Bad news I’m afraid. No serious video editing program is intuitive or easy to use, and the more power you need, the harder things get.
Worse news still. There are dozens of options, but there is no “best”. Or at least, the best option depends on the video file formats you are trying to edit, the hardware you have available, what you need to do, how skilled you are, and your personal taste in software.
There is good news, though. Most video editors are free, or offer free trial periods, or have limited free versions with paid upgrades to the full versions. Softwarehouses expect you to try a few programs before you find one that suits you.
Pick a simple editing operation and try it with the most likely options using the same 60-second video. If you can’t manage a simple operation in a reasonable time, you won’t have much luck with the complicated ones.
If you are new to editing video, start with a simple program to learn the basics. Microsoft’s Movie Maker is the obvious choice for Windows users, and Apple’s iMovie for Mac users. Both can produce videos you could put on YouTube. I wouldn’t recommend them for your website, which already includes some very professional videos, but the experience should help you to choose a more advanced program.
Movie Maker has not been updated since 2012 and is not officially supported on Windows 10, though you can still download and run it. The many alternatives include open source Avidemux and the VSDC Free Video Editor. I think VSDC’s interface is more attractive, but Avidemux has a better user guide. VSDC pushes its paid-for ($29.99 lifetime) upgrade, but you can actually use it – look for the “Continue” button.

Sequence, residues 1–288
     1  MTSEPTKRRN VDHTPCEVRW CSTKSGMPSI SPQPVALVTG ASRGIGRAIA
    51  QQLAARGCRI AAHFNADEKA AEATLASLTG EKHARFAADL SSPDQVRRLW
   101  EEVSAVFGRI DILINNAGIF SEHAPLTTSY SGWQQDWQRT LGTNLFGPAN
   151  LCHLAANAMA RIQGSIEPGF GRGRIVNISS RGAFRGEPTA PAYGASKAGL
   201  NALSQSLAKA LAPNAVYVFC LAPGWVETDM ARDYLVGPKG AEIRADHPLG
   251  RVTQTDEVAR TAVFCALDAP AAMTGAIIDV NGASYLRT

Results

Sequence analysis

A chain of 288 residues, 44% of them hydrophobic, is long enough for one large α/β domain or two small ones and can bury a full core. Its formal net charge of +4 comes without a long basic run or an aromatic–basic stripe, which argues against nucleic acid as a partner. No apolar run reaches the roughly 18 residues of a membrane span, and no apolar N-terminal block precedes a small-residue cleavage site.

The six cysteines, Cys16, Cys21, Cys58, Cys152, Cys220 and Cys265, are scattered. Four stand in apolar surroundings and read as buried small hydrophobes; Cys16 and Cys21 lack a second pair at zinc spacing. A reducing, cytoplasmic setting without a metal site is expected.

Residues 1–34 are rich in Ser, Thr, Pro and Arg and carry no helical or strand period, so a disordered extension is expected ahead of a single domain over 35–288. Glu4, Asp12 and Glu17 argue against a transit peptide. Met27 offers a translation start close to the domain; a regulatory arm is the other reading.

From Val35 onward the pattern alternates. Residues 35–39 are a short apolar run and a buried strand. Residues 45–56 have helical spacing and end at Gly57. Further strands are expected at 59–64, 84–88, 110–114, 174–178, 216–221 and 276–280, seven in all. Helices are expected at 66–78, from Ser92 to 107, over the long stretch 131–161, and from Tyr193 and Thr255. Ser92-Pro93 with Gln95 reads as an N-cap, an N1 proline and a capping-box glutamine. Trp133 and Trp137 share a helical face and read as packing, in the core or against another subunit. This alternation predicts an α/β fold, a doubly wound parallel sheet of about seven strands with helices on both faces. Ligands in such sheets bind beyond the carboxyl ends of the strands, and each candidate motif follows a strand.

Another easy alternative is GoPro Studio. This is aimed at GoPro owners who are new to editing videos, but it’s free to everyone. If you are not using a GoPro camera, you may have to convert your video files to a compatible mp4 format. If this fails, GoPro has a help page: Video Fails to Import into GoPro Studio.
The premier PC video editing software is Adobe Premier Pro, which runs on both Macs and Windows PCs. This is the best choice for most professional purposes. It has the most hardware and software support, and the most official and unofficial help in the form of tutorial videos, books and online articles. It’s the editor most professionals know, so you can always hire someone for a difficult project, or pass your unfinished in-house project to an outside studio.
You can buy Adobe Premier Pro as a standalone program or rent it as part of Adobe’s Creative Suite. You may already use other CS programs such as Photoshop. Lightroom, Illustrator, InDesign, and Audition. It’s not cheap, but professional tools rarely are.
Apple’s Final Cut Pro is an alternative for Mac users, and it’s the best choice for home/small business users who already know iMovie. However, if you don’t have a high-end Mac, I’d be cautious about buying one to run it.